> Several articles I read recently regarding the demise
> of Netscape Navigator stated that Firefox had managed
> to get a 16% market share and that IE still has over 80%
> of the eyeballs.
>
> Yet my statistics and those of others indicate a much
> higher % than that. For example
>
> http://www.w3schools.com/browsers/browsers_stats.asp
>
> Comments anyone?
>
> Cheers
> -Dio


I have two sites that I monitor browser statistics (only because I am
curious and waiting for the demise of IE). Interestingly enough, the
site (apartments) that has visitors from a younger, more affluent group
is getting FF at 25-30%, and the other site (local Catholic church) is
showing 10-15%. Same city, different audiences.

--
Adrienne Boswell at Home
Arbpen Web Site Design Services
http://www.cavalcade-of-coding.info
Please respond to the group so others can share

 
Reply With Quote
 
Diogenes
Guest
Posts: n/a
 
      01-09-2008
Adrienne Boswell wrote:
> I have two sites that I monitor browser statistics (only because I am
> curious and waiting for the demise of IE). Interestingly enough, the
> site (apartments) that has visitors from a younger, more affluent group
> is getting FF at 25-30%, and the other site (local Catholic church) is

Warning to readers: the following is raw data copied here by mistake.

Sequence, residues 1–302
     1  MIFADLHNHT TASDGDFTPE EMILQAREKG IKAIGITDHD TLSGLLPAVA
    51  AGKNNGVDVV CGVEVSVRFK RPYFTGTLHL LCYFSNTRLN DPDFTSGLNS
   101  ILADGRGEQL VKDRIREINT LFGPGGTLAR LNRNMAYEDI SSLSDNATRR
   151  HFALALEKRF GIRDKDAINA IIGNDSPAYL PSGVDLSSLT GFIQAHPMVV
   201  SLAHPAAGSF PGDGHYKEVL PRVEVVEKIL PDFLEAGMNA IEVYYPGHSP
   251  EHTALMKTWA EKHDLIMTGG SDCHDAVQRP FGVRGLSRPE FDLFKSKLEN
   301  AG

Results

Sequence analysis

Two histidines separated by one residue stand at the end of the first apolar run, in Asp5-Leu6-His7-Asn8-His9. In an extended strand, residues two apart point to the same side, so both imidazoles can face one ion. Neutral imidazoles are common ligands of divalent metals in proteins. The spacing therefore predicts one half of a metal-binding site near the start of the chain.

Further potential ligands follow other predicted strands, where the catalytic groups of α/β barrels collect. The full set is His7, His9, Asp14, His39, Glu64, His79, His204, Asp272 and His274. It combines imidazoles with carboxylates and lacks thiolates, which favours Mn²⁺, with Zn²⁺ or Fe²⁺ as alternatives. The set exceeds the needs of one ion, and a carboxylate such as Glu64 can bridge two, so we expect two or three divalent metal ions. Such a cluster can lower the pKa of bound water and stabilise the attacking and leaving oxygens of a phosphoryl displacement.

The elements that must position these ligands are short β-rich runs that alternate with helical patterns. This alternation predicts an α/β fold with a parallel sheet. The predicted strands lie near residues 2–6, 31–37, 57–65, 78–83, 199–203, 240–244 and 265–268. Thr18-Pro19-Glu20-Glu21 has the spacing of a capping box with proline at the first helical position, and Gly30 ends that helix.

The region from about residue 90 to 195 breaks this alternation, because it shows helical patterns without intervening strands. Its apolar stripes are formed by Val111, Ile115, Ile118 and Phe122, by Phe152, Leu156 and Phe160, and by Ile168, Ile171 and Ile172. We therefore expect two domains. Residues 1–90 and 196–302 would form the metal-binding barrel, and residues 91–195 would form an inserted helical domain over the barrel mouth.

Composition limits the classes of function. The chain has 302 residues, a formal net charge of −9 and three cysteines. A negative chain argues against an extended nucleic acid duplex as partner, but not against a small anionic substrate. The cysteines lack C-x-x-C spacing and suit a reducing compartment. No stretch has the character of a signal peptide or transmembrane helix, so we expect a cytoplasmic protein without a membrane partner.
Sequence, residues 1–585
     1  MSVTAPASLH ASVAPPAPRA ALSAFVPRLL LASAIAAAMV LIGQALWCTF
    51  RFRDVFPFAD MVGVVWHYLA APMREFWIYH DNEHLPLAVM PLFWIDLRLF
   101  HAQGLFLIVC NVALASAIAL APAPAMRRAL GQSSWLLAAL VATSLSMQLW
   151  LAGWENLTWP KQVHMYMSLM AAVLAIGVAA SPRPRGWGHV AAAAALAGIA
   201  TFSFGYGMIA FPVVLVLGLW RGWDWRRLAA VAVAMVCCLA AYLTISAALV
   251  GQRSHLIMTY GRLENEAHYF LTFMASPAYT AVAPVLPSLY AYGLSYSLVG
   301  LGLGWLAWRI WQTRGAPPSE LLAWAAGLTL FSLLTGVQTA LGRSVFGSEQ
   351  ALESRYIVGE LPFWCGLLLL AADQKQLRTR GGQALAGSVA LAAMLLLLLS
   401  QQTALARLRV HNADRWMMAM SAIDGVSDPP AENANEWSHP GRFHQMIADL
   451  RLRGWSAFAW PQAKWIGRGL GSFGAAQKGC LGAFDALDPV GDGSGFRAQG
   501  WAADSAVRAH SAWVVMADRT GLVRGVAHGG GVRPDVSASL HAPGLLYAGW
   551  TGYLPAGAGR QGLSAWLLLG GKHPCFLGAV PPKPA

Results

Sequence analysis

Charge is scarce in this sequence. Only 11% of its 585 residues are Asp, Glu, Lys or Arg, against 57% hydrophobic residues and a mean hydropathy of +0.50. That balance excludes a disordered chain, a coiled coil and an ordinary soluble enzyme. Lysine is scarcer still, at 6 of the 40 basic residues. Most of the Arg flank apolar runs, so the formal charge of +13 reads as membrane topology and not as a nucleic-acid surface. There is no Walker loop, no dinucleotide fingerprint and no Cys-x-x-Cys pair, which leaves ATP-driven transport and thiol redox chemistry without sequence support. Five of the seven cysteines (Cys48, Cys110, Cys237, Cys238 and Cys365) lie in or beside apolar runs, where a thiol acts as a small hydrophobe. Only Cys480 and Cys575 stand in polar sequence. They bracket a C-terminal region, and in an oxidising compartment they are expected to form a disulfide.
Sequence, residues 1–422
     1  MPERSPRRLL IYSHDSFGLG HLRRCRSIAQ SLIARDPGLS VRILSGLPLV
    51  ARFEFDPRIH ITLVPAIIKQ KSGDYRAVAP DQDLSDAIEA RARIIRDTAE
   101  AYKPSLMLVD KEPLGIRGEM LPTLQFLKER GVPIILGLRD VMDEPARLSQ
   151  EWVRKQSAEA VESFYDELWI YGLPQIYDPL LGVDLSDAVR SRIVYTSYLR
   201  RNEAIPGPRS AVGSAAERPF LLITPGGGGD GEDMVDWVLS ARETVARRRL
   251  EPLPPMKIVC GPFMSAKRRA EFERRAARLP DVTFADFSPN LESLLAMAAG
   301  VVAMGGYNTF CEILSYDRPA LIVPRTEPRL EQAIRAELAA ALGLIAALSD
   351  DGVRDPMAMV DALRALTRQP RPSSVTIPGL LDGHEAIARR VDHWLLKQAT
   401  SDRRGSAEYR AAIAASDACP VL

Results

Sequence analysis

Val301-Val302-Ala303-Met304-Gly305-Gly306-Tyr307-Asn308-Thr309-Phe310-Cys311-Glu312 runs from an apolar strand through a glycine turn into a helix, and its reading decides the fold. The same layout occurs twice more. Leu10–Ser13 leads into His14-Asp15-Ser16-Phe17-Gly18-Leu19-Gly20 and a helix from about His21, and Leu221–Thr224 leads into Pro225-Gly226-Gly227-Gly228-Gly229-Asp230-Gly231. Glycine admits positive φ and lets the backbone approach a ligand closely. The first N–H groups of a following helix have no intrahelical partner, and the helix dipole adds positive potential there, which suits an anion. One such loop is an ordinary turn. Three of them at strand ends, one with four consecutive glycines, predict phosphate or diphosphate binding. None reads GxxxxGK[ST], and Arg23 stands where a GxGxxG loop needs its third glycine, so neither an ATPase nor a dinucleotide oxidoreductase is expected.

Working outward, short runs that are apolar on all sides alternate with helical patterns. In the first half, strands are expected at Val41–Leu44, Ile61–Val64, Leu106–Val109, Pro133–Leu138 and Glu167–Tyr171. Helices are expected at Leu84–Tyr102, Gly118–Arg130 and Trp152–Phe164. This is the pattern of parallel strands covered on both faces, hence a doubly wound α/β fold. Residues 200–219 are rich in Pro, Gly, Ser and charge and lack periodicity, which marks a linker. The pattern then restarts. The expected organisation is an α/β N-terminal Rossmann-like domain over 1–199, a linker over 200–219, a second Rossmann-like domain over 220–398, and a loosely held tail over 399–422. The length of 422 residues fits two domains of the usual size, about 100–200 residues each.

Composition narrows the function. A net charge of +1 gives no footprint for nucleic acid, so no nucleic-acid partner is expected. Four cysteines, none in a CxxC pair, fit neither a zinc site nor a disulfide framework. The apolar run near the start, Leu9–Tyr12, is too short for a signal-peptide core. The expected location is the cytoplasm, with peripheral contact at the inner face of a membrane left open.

> showing 10-15%. Same city, different audiences.
>


Grin. As am I. Thanks for the post.

Anecdotal numbers may not be the best but they can be useful
and they are usually interesting.

I've reposted (and cross-posted) here on a new thread.

Let the fireworks begin!

Cheers
-Dio
 
Reply With Quote
 
 
 
Reply

Thread Tools

Posting Rules
You may not post new threads
You may not post replies
You may not post attachments
You may not edit your posts

BB code is On
Smilies are On
[IMG] code is On
HTML code is Off
Trackbacks are On
Pingbacks are On
Refbacks are Off


Similar Threads
Thread Thread Starter Forum Replies Last Post
What's the use of the else in try/except/else? kj Python 15 05-23-2009 02:18 AM
How is everyone else doing IE7 testing? Nathan Sokalski ASP .Net 26 12-17-2006 03:02 PM
see Jodi everyone else likes them Kirk Davison Digital Photography 3 12-20-2003 11:26 PM
is xmlspy way ahead of everyone else kevin bailey XML 4 07-07-2003 03:16 PM
Re: Relevant links for newbies and everyone else who is interested[LONG] kyra Computer Security 0 06-24-2003 04:21 AM



Advertisments